Author + information
- R. Sacha Bhatia, MD∗ (, )
- Rory B. Weiner, MD,
- for the Echo WISELY Investigators
- ↵∗Women’s College Hospital Institute for Health Systems Solutions and Virtual Care, University of Toronto, 76 Grenville Street, 6th Floor, Toronto, Ontario M5S 1B2, Canada
We thank Dr. Lin and colleagues for their insightful comments regarding the Echo WISELY study. The first concern the authors raise is the potential bias among physicians who may have different baseline levels of appropriate use and may service different patient populations. In our study, we did randomize by site and physician type (primary care physician vs. cardiologist) in an effort to reduce institutional and specialty bias. Although we did not have baseline individual appropriateness rates, our large sample size of 179 physicians likely limited this potential bias. Moreover, we did have data from previous studies that we used to determine the a priori sample size calculations for this study (1).
Second, although Dr. Lin and colleagues are correct that approximately 40% of physicians did not log into the detailed feedback reports, we also provided email feedback that the physicians did not have to log into, which simply provided monthly feedback on performance. Although this did not deliver the detailed data that the feedback reports contained, it did include some data for the intervention physicians on their ordering performance.
Dr. Lin and colleagues raise an important concern regarding sustainability of the intervention. We agree that the long-term success of the strategy used in our study will likely require ongoing feedback. This is an area of active investigation, and we are analyzing the impact of discontinuation of the intervention on ordering appropriateness. At present, sustaining the intervention would be labor intensive, but as suggested by Dr. Randolph Martin in the commentary accompanying our study, the development of artificial intelligence and natural language processing tools could certainly help make the assessment of appropriate use much less resource intensive and sustainable (2).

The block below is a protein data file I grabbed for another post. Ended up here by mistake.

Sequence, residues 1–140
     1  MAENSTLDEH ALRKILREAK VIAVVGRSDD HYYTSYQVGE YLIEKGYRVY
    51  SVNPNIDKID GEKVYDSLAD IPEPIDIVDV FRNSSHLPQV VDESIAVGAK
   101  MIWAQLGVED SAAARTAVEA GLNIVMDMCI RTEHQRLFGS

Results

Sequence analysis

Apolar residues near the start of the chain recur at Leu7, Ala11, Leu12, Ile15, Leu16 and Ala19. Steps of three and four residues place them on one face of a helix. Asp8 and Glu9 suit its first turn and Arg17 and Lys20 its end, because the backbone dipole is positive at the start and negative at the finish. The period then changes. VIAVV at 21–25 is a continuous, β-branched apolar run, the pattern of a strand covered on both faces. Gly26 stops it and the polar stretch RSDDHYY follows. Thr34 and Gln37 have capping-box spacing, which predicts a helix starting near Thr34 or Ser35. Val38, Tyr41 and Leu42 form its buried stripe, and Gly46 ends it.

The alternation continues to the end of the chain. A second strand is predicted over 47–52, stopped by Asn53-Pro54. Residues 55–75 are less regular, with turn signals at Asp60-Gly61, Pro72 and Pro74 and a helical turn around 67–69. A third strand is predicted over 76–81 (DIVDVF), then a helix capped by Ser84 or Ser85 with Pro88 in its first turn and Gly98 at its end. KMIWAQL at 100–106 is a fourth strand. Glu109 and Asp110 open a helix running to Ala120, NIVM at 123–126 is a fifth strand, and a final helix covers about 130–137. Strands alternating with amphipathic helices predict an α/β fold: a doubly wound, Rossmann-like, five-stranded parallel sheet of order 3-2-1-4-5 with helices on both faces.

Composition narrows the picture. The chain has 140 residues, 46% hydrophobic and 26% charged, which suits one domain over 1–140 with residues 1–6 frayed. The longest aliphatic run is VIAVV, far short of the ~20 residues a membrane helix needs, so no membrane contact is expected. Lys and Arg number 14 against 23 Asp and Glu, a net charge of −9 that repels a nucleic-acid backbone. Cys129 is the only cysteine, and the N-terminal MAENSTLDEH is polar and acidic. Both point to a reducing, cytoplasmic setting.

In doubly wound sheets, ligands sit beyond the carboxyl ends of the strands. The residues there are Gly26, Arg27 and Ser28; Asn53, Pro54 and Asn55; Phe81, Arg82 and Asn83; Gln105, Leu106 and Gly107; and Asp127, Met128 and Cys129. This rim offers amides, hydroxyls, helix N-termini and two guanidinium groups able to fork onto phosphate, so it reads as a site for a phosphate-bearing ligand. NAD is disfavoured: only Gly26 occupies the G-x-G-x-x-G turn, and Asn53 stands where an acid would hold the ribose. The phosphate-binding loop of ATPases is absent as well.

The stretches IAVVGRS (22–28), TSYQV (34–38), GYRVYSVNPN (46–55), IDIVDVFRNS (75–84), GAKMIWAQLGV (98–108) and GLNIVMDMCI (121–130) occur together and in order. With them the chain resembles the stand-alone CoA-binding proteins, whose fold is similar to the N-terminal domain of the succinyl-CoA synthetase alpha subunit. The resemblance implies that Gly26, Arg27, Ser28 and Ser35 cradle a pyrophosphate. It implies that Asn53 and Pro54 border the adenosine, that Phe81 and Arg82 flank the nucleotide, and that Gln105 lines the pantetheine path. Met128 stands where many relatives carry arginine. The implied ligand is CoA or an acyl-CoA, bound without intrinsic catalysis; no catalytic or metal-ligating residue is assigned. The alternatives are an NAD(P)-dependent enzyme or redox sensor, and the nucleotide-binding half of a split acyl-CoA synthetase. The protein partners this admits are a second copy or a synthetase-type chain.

Finally, Dr. Lin and colleagues discuss the development and implementation of diverse interventions to improve ordering appropriateness. Although we agree that multiple strategies may be required to achieve an optimal level of appropriate use, these interventions should be studied in a rigorous manner to ensure their effectiveness before widespread deployment.
Please note: Funding was provided by the Cardiac Care Network of Ontario, the Ontario Ministry of Health and Long Term Care, and the Peter Munk Cardiac Center. Dr. Bhatia is supported by a clinician scientist award from the Heart and Stroke Foundation and the F.M. Hill Chair in Health Systems Solutions at Women’s College Hospital. Both authors have reported that they have no relationships relevant to the contents of this paper to disclose. P.K. Shah, MD, served as Guest Editor for this paper.
- 2017 American College of Cardiology Foundation